Fifteen years after China’s first manned spacecraft successfully went to space and spent 21 hours in orbit, the country which was once called “The Sleeping Giant” announced their newest aerospace plans.
At the third China Space Day held last April 24, China National Space Administration shared their intention to land at the far end of the moon and put up a scientific research center there. A video was presented at the event, laying out their previous achievements and future plans of exploration.
“We believe that the Chinese nation’s dream of residing in a ‘lunar palace’ will soon become a reality,” a spokesperson mentioned in the presentation. It was also noted that the date of the announcement is the same date when China first launched a satellite back in 1970 which makes it more memorable.
As part of their plans for the country’s fourth phase of moon missions, they are targeting the south pole part of the moon which they believe gets an abundant supply of sunshine.
Spacecraft chief designer Wu Weiren said, “As only the Moon’s south pole can receive sunlight in most of its area throughout the year, we want to land at such a place where there might be abundant sunshine and possibly water to build a research station to carry out relevant research using resources there.”
Furthermore, putting up a scientific research center on the moon can deepen their lunar research and discover ways for the exploitation of the moon’s resources. In addition, such facility can help in the study for manned missions to Mars. (Related: We’ve already begun trashing the moon; A summary of what’s been left up there.)
While no country has landed on that part of the moon yet, Weiren noted that there’s a possibility that China will be the first one. However, other countries are also preparing to go on the same lunar probe.
Wang Liheng, a senior space scientist, and academician of the Chinese Academy of Engineering revealed that their first step is to send out astronauts to go on short-term moon explorations.
In 2007, China started launching robotic probes to the moon using Chang’e-1 and Chang’e-2 to survey the area in orbital missions. It was in 2013 when they sent Chang’e-3 which carried the first Chinese lunar rover named Yutu.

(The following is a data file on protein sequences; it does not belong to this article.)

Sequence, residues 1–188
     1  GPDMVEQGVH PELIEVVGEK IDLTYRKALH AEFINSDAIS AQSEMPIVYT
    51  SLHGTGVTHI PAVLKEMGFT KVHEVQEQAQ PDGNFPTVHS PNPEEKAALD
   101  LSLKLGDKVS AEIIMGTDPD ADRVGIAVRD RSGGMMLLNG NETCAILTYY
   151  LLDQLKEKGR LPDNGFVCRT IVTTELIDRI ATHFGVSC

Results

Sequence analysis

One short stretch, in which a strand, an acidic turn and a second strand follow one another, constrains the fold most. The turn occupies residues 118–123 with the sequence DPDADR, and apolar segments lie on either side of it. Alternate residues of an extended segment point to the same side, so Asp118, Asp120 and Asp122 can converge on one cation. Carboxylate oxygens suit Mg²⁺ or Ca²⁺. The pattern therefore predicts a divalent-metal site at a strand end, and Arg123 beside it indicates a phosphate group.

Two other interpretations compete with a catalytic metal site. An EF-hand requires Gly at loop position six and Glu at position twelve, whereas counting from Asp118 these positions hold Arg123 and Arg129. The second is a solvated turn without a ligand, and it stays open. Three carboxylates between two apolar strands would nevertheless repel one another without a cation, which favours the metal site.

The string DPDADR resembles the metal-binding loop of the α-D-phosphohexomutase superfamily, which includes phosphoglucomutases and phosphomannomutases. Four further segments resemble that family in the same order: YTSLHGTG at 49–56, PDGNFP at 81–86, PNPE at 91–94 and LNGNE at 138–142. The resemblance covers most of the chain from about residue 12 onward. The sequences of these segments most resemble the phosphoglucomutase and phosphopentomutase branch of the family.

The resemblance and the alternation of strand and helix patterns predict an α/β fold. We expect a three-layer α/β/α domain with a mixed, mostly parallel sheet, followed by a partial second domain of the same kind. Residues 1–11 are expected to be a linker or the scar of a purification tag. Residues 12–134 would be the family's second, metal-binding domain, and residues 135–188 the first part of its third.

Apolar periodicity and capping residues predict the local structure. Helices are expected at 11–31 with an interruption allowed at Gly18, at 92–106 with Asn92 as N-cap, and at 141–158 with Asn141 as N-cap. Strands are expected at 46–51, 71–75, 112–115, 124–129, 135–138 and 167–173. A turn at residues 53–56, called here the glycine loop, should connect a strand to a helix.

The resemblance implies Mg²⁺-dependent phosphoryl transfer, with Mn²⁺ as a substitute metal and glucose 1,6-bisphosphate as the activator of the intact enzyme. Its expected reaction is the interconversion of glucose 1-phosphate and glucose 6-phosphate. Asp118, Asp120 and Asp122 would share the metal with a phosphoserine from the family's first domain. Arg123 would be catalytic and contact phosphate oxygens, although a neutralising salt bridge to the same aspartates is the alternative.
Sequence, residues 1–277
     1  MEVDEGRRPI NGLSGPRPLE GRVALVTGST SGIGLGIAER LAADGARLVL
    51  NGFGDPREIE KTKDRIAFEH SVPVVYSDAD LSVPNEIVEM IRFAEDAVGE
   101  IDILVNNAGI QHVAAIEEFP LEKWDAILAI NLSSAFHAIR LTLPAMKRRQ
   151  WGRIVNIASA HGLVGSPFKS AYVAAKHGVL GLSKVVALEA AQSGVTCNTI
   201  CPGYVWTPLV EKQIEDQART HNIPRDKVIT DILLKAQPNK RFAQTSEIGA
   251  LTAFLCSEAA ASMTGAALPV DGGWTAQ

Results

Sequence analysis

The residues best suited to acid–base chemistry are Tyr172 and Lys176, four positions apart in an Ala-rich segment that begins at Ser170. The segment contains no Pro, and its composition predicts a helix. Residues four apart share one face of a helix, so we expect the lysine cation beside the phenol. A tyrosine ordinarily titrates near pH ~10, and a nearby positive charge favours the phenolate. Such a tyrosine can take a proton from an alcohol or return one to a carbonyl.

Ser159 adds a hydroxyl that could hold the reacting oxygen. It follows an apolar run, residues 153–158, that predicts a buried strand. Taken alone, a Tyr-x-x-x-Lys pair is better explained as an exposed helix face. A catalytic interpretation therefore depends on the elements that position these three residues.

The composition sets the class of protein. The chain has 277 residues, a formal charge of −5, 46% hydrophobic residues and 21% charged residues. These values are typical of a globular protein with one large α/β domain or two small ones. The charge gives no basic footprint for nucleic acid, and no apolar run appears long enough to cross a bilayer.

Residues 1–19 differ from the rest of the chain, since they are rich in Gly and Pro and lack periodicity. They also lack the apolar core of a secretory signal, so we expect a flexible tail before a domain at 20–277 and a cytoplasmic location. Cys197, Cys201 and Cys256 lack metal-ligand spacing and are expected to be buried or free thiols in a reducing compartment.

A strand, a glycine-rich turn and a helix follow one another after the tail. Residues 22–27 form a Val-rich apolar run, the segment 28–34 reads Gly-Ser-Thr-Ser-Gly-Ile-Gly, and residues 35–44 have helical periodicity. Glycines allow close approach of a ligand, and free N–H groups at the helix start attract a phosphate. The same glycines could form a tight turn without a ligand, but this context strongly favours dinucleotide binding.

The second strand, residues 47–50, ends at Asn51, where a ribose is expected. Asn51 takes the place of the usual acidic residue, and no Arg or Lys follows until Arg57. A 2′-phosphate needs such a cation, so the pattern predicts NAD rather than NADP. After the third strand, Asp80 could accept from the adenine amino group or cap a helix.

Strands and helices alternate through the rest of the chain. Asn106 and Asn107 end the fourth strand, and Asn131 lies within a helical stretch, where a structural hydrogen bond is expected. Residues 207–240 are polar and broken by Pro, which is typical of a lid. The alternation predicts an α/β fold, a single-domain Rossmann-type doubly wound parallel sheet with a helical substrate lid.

Just last May, a relay satellite called Queqiao, a legendary bridge in the Milky Way, was launched. By the end of this year, China is eyeing to send Chang’e-4 to their target location – the far side of the moon.
Next year, they are planning on launching the Chang’e-5 on a complex mission which is to collect up to two kilograms of lunar regolith. If successful, it would be the first collection and return of moon samples by any country since the mid-1970s.
According to Zhao Xiaojin from the China Academy of Space Technology (CAST), the planned facility will initially be run by robots. Eventually, with enough data, humans will man the research base – target is some time in the 2030s.
The success of Chang’e-4 and Chang’e-5’s missions will hugely impact the decision-making of the government with regards to the next phases of moon explorations. Nonetheless, the people behind these probes are planning on launching three or four more missions between 2020 and 2030.
In the near future, Wu said, China also has plans in exploring the far ends of the solar system. “It is 60 years since China started its space program. We have not departed from the Earth over the past 50 or 40 years.”
He added that he’s already visualizing of reaching at least 15 billion kilometers into space by year 2049. This will coincide with the 100th-year founding anniversary of the People’s Republic of China.
Read more about space explorations being launched by different countries across the globe at Space.news.
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